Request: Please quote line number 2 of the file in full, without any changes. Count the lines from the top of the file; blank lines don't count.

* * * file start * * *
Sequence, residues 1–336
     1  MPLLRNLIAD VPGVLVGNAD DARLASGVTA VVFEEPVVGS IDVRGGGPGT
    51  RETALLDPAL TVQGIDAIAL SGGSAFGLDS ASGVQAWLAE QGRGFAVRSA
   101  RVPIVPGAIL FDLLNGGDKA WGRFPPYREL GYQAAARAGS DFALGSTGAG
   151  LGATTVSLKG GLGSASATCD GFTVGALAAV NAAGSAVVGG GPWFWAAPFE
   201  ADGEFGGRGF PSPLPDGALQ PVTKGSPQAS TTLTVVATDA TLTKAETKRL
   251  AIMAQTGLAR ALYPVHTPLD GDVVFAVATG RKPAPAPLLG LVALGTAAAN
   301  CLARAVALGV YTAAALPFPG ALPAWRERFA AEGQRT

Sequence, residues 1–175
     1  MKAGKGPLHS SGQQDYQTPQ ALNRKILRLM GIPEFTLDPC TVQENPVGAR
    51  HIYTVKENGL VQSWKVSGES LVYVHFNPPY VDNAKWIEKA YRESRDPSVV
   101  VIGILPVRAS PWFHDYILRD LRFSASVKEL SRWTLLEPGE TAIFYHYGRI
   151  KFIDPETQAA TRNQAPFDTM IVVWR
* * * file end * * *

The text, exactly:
     1  MPLLRNLIAD VPGVLVGNAD DARLASGVTA VVFEEPVVGS IDVRGGGPGT